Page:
Solar PV

Assistance also should be targeted at tackling our substandard housing stock. There is plentiful evidence to demonstrate that energy reduction measures for houses pay off in just a few years and reduce the cost of ownership overall by significantly reducing household energy bills.

We believe there is a need to move urgently on efficiency standards to ensure that all existing housing stock, as well as new housing, is highly energy efficient. This will deliver an immediate energy cost benefit to consumers and help reduce heating and cooling impacts on energy demand. If planned well, it could also be a significant economic stimulus.

The vital role of the network in the future of energy

AB: With EV sales now reaching a tipping point, we are going to move more rapidly toward the electricity network’s additional role of being the primary fuel source for transport.

The good news is that there is tremendous spare capacity in the distribution network to substantially meet demand from EVs and avoid the need for larger-scale network upgrades ultimately paid by consumers.

Unlocking this spare capacity will need a mix of incentives to ensure we use as much electricity as possible in daylight hours to take advantage of low-cost rooftop solar energy; utilising smart energy management systems that look for the best outcome for customers and respond to network signals; ensuring vehicle charging is diversified; ensuring our homes and businesses are energy efficient; and helping customers understand how their energy use impacts their energy costs.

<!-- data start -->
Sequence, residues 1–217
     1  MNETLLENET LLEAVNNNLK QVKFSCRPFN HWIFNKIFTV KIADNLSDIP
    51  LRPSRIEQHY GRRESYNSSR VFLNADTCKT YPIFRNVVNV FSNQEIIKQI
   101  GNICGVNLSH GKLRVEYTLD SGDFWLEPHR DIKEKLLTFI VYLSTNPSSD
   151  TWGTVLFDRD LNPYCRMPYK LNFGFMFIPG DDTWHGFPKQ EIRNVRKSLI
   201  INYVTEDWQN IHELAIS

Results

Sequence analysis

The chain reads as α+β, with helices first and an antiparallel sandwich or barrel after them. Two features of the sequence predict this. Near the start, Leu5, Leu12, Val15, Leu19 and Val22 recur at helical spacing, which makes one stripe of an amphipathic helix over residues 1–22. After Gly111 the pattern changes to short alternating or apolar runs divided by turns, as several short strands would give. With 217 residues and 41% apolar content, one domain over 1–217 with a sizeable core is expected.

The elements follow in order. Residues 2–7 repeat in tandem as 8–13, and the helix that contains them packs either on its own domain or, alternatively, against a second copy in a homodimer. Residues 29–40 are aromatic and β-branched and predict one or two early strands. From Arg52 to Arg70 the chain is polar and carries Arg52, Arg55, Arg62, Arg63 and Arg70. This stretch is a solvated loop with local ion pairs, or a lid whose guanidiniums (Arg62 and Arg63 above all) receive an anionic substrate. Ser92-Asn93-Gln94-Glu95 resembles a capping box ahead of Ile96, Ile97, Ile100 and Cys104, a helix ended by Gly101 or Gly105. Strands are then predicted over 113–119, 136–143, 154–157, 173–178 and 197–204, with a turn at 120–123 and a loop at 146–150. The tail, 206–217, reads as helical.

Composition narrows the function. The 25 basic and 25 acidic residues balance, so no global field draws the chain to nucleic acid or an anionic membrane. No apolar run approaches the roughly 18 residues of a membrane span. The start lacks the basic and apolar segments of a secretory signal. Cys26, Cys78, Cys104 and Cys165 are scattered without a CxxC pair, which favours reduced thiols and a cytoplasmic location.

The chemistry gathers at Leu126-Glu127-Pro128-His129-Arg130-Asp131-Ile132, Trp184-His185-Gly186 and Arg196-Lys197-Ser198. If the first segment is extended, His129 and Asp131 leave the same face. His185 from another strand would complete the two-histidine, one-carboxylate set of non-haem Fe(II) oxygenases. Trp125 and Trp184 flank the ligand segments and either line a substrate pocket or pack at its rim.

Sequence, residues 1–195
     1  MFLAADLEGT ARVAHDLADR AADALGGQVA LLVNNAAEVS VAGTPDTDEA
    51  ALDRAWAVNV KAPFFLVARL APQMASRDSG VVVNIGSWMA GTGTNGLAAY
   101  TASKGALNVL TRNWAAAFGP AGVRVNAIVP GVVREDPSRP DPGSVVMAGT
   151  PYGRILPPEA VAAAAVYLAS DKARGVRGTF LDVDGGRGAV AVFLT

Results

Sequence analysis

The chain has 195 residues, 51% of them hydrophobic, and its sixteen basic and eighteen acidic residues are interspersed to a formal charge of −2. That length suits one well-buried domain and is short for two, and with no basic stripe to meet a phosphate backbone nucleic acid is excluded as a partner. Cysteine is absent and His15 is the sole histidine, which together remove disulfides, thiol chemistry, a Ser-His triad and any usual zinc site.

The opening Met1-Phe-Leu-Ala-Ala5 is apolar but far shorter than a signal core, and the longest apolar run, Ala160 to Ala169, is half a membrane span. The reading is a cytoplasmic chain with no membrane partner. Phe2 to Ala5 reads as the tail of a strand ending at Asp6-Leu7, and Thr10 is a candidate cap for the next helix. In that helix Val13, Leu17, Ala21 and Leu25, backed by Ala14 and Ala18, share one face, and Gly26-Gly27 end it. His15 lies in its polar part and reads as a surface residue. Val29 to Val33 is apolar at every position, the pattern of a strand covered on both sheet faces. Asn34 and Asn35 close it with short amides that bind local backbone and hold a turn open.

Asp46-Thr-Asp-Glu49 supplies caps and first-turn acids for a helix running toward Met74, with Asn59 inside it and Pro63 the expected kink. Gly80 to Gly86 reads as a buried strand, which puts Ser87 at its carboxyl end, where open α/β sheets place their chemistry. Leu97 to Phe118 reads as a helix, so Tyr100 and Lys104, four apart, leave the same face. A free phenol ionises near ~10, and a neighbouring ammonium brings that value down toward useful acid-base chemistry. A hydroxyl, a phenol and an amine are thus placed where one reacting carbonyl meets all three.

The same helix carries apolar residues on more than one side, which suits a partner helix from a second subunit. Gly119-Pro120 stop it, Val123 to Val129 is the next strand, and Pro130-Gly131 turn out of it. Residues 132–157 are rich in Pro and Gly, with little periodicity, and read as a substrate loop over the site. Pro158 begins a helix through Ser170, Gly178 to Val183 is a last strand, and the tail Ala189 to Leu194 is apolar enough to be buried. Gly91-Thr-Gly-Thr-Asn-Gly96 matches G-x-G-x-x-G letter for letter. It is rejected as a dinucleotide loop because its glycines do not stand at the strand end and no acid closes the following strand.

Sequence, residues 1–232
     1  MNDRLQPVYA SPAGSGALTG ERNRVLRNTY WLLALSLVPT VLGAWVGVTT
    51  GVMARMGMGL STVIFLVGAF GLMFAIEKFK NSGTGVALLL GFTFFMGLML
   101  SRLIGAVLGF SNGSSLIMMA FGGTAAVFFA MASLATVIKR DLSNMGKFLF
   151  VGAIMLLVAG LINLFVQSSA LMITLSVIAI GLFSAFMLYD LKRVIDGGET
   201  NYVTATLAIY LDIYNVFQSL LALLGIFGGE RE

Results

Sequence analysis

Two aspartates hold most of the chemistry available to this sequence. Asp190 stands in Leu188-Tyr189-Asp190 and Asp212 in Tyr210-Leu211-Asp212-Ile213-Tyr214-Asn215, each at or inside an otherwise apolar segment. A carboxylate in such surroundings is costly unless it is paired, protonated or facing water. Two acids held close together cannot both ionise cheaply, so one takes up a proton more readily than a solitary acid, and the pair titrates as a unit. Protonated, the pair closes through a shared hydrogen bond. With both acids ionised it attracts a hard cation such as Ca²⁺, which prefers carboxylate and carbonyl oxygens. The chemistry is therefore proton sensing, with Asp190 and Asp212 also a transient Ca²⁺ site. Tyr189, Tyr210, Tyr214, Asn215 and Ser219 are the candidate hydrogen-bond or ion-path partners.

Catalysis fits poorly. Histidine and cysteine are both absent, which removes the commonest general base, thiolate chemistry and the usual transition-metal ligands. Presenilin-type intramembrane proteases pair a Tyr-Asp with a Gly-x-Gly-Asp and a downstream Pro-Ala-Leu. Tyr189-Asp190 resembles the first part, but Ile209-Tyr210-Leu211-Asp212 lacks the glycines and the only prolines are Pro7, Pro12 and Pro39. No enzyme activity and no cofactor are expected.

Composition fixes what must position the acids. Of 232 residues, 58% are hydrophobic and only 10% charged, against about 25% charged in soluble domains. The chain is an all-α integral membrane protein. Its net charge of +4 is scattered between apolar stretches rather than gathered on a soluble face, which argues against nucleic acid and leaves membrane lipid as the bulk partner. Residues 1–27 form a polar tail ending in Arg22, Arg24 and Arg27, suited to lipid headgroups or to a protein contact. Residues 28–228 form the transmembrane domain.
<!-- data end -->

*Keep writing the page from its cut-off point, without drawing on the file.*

So how will the distribution network of the future look to support this change? The key features chart (Figure 1) shows the significant change in the way the distribution network will need to be optimised to support our future energy vision.

The system is complex with high levels of collaboration required from various players including customers and networks to manage multiple flows of energy. We are leading the way with innovative network tariffs, our Flexible Exports option for solar, and investment in information technology systems to help deliver this dynamic relationship between our network and customers.

In the long run, I believe the future of energy is one that is more democratic, where customers have greater control over how they make, use and share energy and that they see energy companies as partners in achieving their goals. With the right settings we can have a reliable, cheap and clean energy system that works for customers, drives new industry and commerce and which improves environmental and health outcomes for all.